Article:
From 'Fanning the Embers', published 1971, Range Rider Reps, Miles City, Montana
Front row, Casey Barthelmess, Mrs. Barthelmess and Leo. Top row, Dr. Randall Barthelmess, Rose Mary Zettler, Robert, Casey and Richard. Taken July 1969.
Casey on Sky Rocket, Miles City Roundup's feature horse. Tut Camblin (left) Bub Nichols stands at left with blindfold, Colie Ward is in the dirt knocked down by Sky Rocket.
Our parents were Army people, and with the exception of Leo, the oldest of the family who was born at Fort Lewis, Colo., Florence Dinwoodie, myself, Sophia Kerrigan, Adelaide Willems, Gertrude (deceased), Fred and Marie Smith were all born at Fort Keogh.
Our father came to America in 1867 with an uncle and lived in Pennsylvania and Ohio with or near relatives until he joined the Army. He was an adventurer by disposition and learning of the Indian Campaigns of the Southwest, he enlisted in the Army Nov. 15, 1876, at St. Louis and was assigned to the 6th Cavalry at Fort Apache, Ariz. Having knowledge of music, that he acquired in Germany, he also was assigned to the regimental band.
But immediately after these assignments he soon realized the impetus of the Army activity among the Indians and recognized the important field for photography. This was a profession he took up and continued for the 30 years he was in the Army and until his death in 1906. During our father's service, after leaving Fort Apache, he served at Fort Wingate and Fort Bayard in New Mexico and at Fort Lewis, Colo., before coming to Fort Keogh in the spring of 1888.
Catherine Hansen, who was to become our mother, was a native of Denmark. She came to Mexico with the family of the German counsel. Father and mother met in New Mexico and later were married at Silver City, N.M., April 17, 1886.
Life at Fort Keogh was both exciting and interesting for us youngsters. There was much soldier activity such as drilling, dress parades, guard mounts, practice marches, target practices, with considerable indulgence given to athletic field days with much attention given to baseball and in later years, football. Too, there were diversions; Church services and Sunday schools were held when a chaplain was available, plays were put on, many picnics were held and much singing was indulged in. At one time the Post had a Singing Society. This was conducted by Christian Barthelmess. During the military life of Fort Keogh, it supported three Regimental Bands of the 5th, 22nd and the 2nd Infantry. A bandstand was erected on the parade ground in front of the Post Commander's residence where many concerts were held. These were very entertaining to the people of the Post and attracted many from Miles City who drove to Keogh in surreys, buggies and some horseback, while some even walked. There was much seining in the Yellowstone and in the fall hunting expeditions got under way for deer, antelope and chickens.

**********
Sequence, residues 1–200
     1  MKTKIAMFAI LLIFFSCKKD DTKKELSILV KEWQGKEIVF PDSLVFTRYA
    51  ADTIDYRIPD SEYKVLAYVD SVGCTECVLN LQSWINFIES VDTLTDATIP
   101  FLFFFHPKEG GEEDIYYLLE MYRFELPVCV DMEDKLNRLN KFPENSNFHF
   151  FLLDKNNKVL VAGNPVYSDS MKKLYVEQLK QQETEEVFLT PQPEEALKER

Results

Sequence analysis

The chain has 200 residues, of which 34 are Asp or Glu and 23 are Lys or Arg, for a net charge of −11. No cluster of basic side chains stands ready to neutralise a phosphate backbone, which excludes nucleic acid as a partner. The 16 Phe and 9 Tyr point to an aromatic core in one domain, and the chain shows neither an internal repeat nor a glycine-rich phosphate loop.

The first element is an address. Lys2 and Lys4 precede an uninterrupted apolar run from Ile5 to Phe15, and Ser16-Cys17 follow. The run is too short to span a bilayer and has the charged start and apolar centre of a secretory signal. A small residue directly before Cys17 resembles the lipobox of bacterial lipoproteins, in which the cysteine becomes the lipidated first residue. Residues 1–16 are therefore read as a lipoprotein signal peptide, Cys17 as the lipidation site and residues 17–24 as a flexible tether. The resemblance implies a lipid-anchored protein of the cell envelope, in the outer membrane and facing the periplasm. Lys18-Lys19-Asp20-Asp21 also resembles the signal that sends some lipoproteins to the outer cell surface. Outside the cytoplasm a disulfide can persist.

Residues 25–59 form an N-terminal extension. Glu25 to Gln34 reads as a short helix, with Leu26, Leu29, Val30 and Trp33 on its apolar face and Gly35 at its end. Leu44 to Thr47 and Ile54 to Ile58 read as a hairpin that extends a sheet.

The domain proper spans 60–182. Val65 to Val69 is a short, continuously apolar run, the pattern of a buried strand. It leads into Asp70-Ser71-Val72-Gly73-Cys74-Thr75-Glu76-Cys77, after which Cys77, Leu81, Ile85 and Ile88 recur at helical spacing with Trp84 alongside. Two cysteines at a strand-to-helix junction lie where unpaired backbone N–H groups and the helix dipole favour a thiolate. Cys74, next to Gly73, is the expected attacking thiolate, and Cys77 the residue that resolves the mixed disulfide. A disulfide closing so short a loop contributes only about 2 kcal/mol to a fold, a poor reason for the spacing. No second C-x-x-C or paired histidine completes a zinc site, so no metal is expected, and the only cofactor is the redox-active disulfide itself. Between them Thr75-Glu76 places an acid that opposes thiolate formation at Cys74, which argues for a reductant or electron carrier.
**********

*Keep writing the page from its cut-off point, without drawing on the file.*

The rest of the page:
The first school that I remember was conducted by Laura Ritner, daughter of the Post chaplain. Later the Post children were enrolled in the Miles City schools and hauled back and forth in an ambulance. My first school attendance was at the Washington school in 1898 and on completion of the Lincoln school in 1901 the Keogh youngsters were moved over there. Miss Ritner became the wife of George Miles, who became a prominent Miles City businessman. Miles was an early arrival in Montana. He served as paymaster clerk for his uncle Gen. Nelson A. Miles, Commander of the 5th Infantry, who established the Tongue River Cantonment No. I in 1876 and Fort Keogh the following year.
The Indians, usually of considerable number, camped along the Yellowstone and Tongue Rivers. They were always of interest to the Keogh kids. And while they were still making adjustments, it wasn't easy for these people to be removed from their nomadic way of living to the confinement of a reservation. Often times they received rations at Keogh and on occasions, cattle were driven to their camp for the Indians to shoot, dress out and distribute among their people. Some of the beef they dried or made into pemmican. Their ceremonial dances were always exciting and interesting as the Indians usually painted and dressed for the occasion and they were nearly always conducted at night and around a sizable fire. 'In those days many veteran Indians of note participated: some that I recall were Little Chief, Elk River, Two Moons, Wooden Leg, Stump Horn, Buffalo Hump, Ridge Walker, American Horse, Spotted Wolf and later, John Stands in Timber. It was my father's regard and close association with these Indians that enabled him to get so many fine pictures of these people. E. W. Casey of the 22nd Infantry, very adept in handling Indians, organized the troop of Cheyenne Indian scouts known as Casey's Scouts. This troop was dispatched down to Pine Ridge Agency at the time of Ghost Dance uprising. Following the battle of the Wounded Knee, Lieutenant Casey with two scouts was reconnoitering the Sioux camp on White Clay Creek seeking council with Red Cloud. Meeting Peter Richard, a breed, and some Sioux from this camp, they were warned against the danger. Lieutenant Casey started to ride away and was shot from his horse by Plenty Horses, a Brule Sioux. My father had soldiered under and with Lieutenant Casey a number of years and had great regard for this officer. I was named after him.